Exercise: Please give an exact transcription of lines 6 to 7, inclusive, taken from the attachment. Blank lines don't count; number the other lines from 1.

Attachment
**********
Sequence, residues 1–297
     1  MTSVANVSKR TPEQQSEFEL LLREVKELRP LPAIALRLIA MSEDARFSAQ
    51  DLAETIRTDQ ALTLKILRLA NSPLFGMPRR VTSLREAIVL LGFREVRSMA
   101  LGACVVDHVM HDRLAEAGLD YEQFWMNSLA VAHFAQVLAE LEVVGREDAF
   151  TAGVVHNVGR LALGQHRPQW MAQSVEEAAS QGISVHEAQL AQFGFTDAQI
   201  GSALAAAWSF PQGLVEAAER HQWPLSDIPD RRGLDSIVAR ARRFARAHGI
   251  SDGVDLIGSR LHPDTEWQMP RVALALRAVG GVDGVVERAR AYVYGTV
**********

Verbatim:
   201  GSALAAAWSF PQGLVEAAER HQWPLSDIPD RRGLDSIVAR ARRFARAHGI
   251  SDGVDLIGSR LHPDTEWQMP RVALALRAVG GVDGVVERAR AYVYGTV